Mindfulness, Love and Fear

Mindfulness has become somewhat of a buzzword, so I want to explain what it means for me. Being mindful means staying in the present moment. If you have a meditation practice, you'll be ahead of the game in this area.  Being mindful in relation to your emotions is key. Consider the following example:

Jennifer's boss assigned her participate in a collaborative group that'll be working on developing a new product for her company. This is excellent news, because she feels ready for a more challenging role at work (and a pay raise), and has already applied to be promoted. This is the opportunity she's been waiting for to really demonstrate her abilities to her leaders-- her time to SHINE! So when Jennifer goes home, she celebrates the news of the assignment over a nice dinner with her husband. Over intimate conversation, they talk about her impending promotion, and finally being able to afford that trip to Paris they've been dreaming of. They talk about how she'll have more flexibility in her schedule once she's promoted. This will open up so many doors, from not having to work Saturdays to consistently being off from work at 4:30pm (which means she'll be able to make it to the 6pm yoga class her best friend has been inviting her to for the last year.) Jennifer is experiencing a real excitement for the future that she hasn't in a long time and it feels GOOD.

The next morning she arrives early to work hoping to catch her boss before the other employees start to come in, so that they can discuss the project in more detail. She wants to share her eagerness to get started! As they sit down over a cup of coffee to chat, her boss tells her she'll be expected to work closely with Greg to complete the majority of the product development. Her heart sinks. Greg is a stand-offish type who seems to frequently squash any positivity as soon as it starts. His doom-and-gloom outlook brings down the energy in the office. Not to mention, she worked with him on a smaller project last year and ended up doing at least 75% of the work herself. In a nutshell, Greg is negative and lazy; not someone she would ever choose to be around. Jennifer's excitement for her work in the coming months is zapped for a couple of reasons. First, she starts trying to figure out how in the world she can handle the workload. Considering the fact that the amount of work to be done could easily be spread between three people, it's only being assigned to she and Greg. And Greg has already shown her how lazy he is, she knows she won't be able to count on him to pull his weight. On top of that, she's also trying to figure out how in the world she's going to tolerate his constant negativity without becoming angry. In fact, she can already feel herself becoming angry and upset, and they haven't even spoken to each other about the project yet.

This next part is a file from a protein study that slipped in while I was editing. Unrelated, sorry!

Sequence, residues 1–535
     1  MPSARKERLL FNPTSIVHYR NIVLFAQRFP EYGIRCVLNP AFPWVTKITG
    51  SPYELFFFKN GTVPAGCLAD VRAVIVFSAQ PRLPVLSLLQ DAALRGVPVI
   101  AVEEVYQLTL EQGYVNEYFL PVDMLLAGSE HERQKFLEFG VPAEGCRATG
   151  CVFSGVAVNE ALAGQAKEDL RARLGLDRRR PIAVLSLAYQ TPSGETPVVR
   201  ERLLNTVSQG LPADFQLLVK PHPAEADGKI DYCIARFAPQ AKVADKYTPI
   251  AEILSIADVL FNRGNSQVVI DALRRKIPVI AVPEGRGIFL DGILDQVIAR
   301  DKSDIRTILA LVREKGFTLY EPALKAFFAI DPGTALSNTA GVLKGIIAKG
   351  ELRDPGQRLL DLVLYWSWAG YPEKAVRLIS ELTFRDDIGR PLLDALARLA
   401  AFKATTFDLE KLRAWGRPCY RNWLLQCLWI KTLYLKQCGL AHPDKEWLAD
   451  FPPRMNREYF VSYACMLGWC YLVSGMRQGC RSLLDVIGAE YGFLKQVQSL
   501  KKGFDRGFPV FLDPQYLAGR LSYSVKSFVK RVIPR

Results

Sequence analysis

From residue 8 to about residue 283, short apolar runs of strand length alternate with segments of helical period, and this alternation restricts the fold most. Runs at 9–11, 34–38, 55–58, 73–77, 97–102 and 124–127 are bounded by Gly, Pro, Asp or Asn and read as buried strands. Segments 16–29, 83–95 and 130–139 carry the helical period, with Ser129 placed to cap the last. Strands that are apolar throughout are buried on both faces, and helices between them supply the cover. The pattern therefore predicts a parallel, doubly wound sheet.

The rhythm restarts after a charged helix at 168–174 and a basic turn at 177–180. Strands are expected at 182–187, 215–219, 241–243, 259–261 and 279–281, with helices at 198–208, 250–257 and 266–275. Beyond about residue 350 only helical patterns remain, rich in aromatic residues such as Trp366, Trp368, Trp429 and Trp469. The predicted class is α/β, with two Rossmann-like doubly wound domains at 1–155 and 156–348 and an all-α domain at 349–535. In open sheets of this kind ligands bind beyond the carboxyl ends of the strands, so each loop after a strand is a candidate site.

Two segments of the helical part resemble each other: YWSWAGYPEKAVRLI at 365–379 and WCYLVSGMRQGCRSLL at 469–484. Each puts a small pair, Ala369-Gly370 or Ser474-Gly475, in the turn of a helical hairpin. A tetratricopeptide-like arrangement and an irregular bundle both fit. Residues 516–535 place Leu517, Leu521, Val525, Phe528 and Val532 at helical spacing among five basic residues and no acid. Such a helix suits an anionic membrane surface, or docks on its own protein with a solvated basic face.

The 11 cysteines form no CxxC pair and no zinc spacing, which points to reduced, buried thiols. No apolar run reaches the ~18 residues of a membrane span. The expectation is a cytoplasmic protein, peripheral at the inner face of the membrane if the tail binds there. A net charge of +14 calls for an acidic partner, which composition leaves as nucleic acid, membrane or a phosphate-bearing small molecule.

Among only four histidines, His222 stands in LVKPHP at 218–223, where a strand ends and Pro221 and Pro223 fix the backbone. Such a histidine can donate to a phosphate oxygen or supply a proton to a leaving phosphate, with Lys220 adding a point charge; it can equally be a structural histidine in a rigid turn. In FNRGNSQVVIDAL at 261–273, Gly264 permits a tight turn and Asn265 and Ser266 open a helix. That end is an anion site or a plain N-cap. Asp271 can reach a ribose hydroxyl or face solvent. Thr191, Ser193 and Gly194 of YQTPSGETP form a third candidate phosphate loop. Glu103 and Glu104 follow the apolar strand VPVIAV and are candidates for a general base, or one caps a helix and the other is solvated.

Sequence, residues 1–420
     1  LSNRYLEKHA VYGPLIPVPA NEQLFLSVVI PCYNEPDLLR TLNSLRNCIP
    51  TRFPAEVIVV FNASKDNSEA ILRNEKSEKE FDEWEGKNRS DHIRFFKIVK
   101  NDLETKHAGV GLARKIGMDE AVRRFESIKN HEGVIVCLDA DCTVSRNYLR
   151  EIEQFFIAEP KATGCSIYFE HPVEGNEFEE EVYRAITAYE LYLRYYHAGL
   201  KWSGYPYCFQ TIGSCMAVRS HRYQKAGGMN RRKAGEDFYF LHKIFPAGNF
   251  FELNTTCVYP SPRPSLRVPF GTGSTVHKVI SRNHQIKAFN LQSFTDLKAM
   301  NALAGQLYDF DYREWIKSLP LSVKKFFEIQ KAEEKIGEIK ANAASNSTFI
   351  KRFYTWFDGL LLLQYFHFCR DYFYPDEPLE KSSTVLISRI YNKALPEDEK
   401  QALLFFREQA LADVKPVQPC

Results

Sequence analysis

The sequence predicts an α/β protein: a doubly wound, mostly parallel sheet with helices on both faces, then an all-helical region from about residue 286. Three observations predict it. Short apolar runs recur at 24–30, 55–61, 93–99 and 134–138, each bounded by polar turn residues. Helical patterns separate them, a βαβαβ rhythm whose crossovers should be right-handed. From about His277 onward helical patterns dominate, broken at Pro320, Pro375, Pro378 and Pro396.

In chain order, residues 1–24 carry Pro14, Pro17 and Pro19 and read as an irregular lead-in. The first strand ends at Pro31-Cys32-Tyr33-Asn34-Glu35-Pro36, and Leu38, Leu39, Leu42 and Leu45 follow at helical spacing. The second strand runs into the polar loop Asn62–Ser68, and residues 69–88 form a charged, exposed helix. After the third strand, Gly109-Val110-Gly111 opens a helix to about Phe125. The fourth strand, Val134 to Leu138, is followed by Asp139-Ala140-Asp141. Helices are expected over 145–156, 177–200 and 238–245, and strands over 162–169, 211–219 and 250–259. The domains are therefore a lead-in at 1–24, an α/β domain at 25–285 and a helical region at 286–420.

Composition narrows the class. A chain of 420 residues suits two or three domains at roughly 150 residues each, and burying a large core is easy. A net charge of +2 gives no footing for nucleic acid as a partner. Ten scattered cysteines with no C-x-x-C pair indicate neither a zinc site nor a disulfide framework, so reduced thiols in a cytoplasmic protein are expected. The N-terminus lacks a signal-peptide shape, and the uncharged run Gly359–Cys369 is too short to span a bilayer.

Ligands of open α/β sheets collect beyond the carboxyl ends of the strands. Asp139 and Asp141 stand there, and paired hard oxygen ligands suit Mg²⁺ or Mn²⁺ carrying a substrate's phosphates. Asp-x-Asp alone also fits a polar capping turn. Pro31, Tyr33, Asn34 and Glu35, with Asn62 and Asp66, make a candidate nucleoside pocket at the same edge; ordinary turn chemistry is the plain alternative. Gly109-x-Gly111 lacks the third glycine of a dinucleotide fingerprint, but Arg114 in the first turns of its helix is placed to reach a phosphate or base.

Even though she still has lots of things to finish up before diving into the new project next week, Jennifer is so upset about the thought of working with Greg, that she decides to go home after lunch. She spends the rest of the day going over different scenarios with her husband and her friends.  "Logistically, how am I going to complete the work of three people on my own?"  "How can I possibly tolerate Greg's attitude?" And she really starts to mourn the loss of the promotion she'd been certain she'd get only last night. Because there is no way she'll be able to WOW her leaders in the way she'd hoped- she'll be doing good just to complete what's asked of her without losing her sanity. 

Now, we don't really know what is going to happen with Jennifer and Greg. It's possible Greg was going through a terrible hardship at the time last year when he and Jennifer collaborated on their previous project and literally couldn't carry his weight at work. Maybe his mom has cancer and he's her primary caregiver; he can't be positive or counted on for much outside of the normal work day because of his overwhelming responsibilities at home. OR-- maybe Greg truly is just a lazy asshole. The lens through which Jennifer sees the situation may or may not allow her to show compassion toward Greg.  

This scenario is an example of how we can all get caught up in our "stories." Stories about the past and stories about the future, and they greatly impact how we experience the present. That doesn't mean that our past experiences with people and situations aren't valid, but simply that they're far less relevant than we often think they are. People and situations are constantly evolving, and our world requires us to be mindful of the present moment. 

So when you're feeling triggered like Jennifer was when she found out about collaborating with Greg, I challenge you to take some inventory. I've learned that all emotions come from one of two places. LOVE or FEAR. Where is your current emotion coming from? Are you grounded in the moment, the NOW? Or are you allowing fear of the future or memories of the past OR BOTH to rule your CURRENT experience? The more you practice this awareness, the easier it is to bring yourself back to current time if you find yourself slipping into stories of possible future scenarios or things that have happened in the past.

If you're interested in learning more about mastering your emotions, please join me for an upcoming class Master Your Emotions class. I'd love to see you there!

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